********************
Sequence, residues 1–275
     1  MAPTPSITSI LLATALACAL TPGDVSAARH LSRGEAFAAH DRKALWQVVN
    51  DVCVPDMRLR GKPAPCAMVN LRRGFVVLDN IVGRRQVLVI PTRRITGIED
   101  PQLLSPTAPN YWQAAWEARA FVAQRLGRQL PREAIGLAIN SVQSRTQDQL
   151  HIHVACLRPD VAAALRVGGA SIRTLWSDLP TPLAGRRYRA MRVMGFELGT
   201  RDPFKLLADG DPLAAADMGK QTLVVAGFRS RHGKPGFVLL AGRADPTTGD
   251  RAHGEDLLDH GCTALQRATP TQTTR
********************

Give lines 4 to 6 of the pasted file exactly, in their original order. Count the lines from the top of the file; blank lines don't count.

   101  PQLLSPTAPN YWQAAWEARA FVAQRLGRQL PREAIGLAIN SVQSRTQDQL
   151  HIHVACLRPD VAAALRVGGA SIRTLWSDLP TPLAGRRYRA MRVMGFELGT
   201  RDPFKLLADG DPLAAADMGK QTLVVAGFRS RHGKPGFVLL AGRADPTTGD